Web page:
The issue in this case sounds simple: can a union file suit as a plaintiff to enforce the fiduciary duties Congress declared in 29 U.S.C. § 501? But the answer is hard, lying at the intersection of important questions about the binding reach of circuit precedent, statutory construction, and constitutional avoidance. At bottom, I agree that Weaver v. United Mine Workers of America, 492 F.2d 580 (D.C. Cir. 1973) (per curiam), directs our disposition of this case, for the reasons so well explained by the majority opinion. I write separately to explain further my conviction that Weaver controls notwithstanding the arguments made in the dissenting opinion, and yet to acknowledge the force of the arguments against Weaver's correctness, as well as to note the potential constitutional problems the issue raises.

A

A panel of this court is bound to adhere to the holdings of prior circuit precedent even if we might resolve the case differently were we to decide it in the first instance. See United States v. Kolter, 71 F.3d 425, 431 (D.C. Cir. 1995) (We are “bound by [an earlier] decision even if we d[o] not agree with it [.]”); cf. Hilton v. South Carolina Public Railways Comm'n, 502 U.S. 197, 198 (1991) (The principle of stare decisis is “most compelling” in statutory interpretation cases.).

Weaver's holding alone would seem to end this case because this court explicitly ruled there that a union may, on its own, prosecute as plaintiff an action to enforce the federal rights created by 29 U.S.C. § 501(a). Weaver, 492 F.2d at 586–587. The union in this case seeks to do the same thing: to prosecute an action to enforce the rights under Section 501(a) as the sole plaintiff. Asked and answered by Weaver.

And Weaver's influence does not stop there. As the majority opinion notes, we are bound not just by the bottom-line holding of Weaver, but also by “those portions of the opinion necessary to that result.” Seminole Tribe of Florida v. Florida, 517 U.S. 44, 67 (1996). The analysis on which the Weaver court predicated its holding seals the precedential deal.

Specifically, the Weaver court held that the union could be the sole plaintiff enforcing rights conferred by Section 501(a) by analyzing the statutory structure, and explaining how, under Section 501, the union “retain[ed] the primary interest in the litigation.” 492 F.2d at 586. That was not just a procedural judgment. Rather, Weaver declared specifically that, given the union's desire “to prosecute vigorously the action brought for its benefit, it must be accorded that right.” Id. (emphasis added). The only “right” the Weaver court could have recognized in that sentence was a right of action under Section 501(a). That, in fact, is what Weaver tells us in the preceding two sentences that describe “that right”:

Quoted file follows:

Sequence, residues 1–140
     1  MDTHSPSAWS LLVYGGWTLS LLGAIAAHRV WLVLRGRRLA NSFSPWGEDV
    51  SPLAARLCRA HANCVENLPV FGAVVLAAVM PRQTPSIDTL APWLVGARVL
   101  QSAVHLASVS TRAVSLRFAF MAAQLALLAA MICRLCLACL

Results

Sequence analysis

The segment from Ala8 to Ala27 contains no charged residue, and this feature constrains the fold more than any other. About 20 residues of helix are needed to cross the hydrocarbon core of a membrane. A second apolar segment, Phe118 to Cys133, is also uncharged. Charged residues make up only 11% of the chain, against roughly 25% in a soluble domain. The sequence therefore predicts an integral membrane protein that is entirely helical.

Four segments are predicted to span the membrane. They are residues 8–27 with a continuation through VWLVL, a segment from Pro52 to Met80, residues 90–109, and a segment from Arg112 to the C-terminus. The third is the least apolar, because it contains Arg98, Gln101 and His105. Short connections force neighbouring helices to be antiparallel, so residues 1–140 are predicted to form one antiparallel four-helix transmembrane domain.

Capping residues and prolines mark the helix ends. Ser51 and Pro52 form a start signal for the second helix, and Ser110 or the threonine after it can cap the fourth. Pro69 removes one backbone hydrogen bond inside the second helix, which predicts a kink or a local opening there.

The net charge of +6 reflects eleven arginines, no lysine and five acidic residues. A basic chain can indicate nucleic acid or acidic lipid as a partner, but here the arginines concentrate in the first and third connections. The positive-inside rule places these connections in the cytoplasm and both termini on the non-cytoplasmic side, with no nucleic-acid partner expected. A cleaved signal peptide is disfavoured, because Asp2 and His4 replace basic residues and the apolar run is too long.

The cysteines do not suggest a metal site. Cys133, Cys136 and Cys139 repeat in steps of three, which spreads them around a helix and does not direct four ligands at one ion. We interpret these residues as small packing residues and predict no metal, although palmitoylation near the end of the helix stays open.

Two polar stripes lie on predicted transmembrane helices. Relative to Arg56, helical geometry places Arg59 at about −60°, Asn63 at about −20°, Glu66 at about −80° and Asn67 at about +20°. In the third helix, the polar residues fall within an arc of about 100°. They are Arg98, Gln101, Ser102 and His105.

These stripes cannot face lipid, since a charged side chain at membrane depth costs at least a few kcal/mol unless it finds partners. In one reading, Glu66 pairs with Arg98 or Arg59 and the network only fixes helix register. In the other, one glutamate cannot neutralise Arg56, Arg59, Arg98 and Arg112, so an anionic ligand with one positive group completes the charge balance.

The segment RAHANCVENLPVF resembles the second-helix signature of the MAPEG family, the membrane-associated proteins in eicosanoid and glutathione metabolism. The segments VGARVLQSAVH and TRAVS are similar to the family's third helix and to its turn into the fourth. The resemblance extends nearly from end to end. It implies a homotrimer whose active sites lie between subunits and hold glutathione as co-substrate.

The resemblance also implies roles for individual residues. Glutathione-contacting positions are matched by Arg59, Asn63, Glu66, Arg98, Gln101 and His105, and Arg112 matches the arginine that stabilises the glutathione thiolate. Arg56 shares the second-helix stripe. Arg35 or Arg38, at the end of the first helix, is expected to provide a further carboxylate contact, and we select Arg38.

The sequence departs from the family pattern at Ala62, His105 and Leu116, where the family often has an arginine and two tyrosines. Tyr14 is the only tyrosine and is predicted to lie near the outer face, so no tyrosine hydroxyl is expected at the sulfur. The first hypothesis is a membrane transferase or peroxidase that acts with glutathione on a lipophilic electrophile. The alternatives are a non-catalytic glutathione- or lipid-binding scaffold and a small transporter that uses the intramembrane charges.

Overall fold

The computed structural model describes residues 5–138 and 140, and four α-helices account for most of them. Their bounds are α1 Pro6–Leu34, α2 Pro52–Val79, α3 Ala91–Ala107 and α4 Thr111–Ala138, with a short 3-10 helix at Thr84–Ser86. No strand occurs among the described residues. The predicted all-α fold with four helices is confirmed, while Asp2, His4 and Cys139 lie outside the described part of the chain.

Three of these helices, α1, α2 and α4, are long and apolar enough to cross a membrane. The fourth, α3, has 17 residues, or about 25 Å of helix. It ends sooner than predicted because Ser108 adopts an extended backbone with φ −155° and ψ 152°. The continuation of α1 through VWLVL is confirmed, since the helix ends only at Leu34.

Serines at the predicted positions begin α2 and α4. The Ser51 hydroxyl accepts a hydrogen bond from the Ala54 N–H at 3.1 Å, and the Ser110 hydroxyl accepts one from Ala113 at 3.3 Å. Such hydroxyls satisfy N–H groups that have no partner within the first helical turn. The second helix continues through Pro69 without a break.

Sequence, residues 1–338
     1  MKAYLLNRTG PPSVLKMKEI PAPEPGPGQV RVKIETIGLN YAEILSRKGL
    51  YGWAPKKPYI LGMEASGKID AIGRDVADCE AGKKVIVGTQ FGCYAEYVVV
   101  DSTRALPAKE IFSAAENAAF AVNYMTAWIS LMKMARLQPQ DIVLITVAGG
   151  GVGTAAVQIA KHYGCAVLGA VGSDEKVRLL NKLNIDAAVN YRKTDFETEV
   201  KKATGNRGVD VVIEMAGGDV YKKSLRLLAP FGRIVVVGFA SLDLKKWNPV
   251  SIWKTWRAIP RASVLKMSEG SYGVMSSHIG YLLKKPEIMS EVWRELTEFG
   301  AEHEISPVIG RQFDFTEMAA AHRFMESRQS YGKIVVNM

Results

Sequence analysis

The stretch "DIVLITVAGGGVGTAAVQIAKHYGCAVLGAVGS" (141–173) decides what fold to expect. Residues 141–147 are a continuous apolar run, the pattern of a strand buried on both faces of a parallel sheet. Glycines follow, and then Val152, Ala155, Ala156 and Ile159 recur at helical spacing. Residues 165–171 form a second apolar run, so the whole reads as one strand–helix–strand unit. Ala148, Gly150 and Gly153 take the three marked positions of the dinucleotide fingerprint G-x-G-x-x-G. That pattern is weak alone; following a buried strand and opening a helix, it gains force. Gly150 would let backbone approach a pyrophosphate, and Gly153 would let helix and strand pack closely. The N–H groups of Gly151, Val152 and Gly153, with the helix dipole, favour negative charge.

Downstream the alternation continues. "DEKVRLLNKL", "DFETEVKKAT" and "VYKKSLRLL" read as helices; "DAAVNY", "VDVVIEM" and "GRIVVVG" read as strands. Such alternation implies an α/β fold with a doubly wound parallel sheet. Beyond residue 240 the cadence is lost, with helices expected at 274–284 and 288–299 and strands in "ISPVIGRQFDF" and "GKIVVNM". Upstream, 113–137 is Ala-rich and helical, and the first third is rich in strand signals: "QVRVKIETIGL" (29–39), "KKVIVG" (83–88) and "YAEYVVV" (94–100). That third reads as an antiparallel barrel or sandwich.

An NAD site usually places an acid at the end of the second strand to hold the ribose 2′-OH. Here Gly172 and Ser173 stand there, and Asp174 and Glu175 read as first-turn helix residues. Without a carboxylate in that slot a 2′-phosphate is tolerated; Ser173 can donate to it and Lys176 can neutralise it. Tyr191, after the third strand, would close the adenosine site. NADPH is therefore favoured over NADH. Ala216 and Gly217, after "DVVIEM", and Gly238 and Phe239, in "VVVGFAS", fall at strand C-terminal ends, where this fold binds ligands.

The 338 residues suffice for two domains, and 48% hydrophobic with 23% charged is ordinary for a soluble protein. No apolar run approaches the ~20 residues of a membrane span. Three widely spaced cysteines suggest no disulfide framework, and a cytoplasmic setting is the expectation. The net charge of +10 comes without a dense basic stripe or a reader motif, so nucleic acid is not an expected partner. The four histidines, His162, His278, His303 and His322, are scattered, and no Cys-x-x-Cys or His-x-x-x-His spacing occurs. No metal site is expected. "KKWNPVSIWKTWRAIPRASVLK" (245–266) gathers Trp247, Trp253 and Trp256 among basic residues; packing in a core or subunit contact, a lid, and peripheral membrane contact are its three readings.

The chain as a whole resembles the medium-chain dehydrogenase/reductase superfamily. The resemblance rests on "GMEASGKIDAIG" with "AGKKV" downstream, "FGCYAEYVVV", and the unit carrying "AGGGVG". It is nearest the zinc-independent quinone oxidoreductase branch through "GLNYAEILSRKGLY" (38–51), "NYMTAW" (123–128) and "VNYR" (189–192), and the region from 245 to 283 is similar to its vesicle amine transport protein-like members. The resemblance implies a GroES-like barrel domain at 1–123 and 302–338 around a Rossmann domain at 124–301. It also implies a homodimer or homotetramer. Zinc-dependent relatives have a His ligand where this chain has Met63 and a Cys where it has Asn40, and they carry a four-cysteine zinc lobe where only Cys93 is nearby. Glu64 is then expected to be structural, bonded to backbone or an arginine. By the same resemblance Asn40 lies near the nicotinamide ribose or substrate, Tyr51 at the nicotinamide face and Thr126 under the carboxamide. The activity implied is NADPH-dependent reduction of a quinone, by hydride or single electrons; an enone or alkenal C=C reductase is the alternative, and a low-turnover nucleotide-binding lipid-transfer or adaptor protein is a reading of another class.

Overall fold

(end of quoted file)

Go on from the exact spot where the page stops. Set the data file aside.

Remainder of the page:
Congress expressed its preference that the union prosecute a claim for breach of fiduciary duty against union officials. Allowing the [union] to assume the prosecution of this cause would further that legislative preference.

Id.; see also id. (“The mere fact that individual members have initiated the action does not prohibit the [union] from * * * taking the offensive in its prosecution.”). Thus, contrary to the claim in the dissenting opinion, see Dissenting Op. at 11, the Weaver court did not just have “thoughts” about whether Section 501 confers a right of action on unions; Weaver expressly acknowledged and directly enforced the union's “right” “to prosecute * * * the action” as plaintiff, 492 F.2d at 586.

Finally, unless the Weaver court specifically determined that the union had the lawful authority to independently enforce the rights conferred by Section 501(a), there would have been no basis for Weaver's separate holding that arguments about whether other would-be plaintiffs could sue were moot. 492 F.2d at 587 (“[W]hether the action survived the death of the only plaintiff who complied with the prerequisite to a Section 501(b) suit [ ] has become academic.”); id. at 586 (noting union argument that, if the union “itself may assume the litigation as party-plaintiff,” that would “moot” the dispute over whether other plaintiffs could continue the lawsuit). There thus is nothing “lurk[ing],” see Dissenting Op. at 11, about Weaver's express holding that the union's right to bring suit as plaintiff legally moots the question of whether other would-be plaintiffs can prosecute the action.

The dissenting opinion would cast all of that aside for two reasons. First, that opinion describes Weaver as “completely miss[ing] the issue of whether Section 501 creates an implied cause of action for unions.” Dissenting Op. at 10. But Weaver specifically discussed how the union's “right” to sue “further[ed] th[e] legislative preference,” 492 F.2d at 586. That the panel did not go on to “cite any precedent related to finding implied causes of action,” Dissenting Op. at 9, or to use a particular—and at that time rarely used—linguistic formulation is irrelevant to whether the prior panel holding binds us.1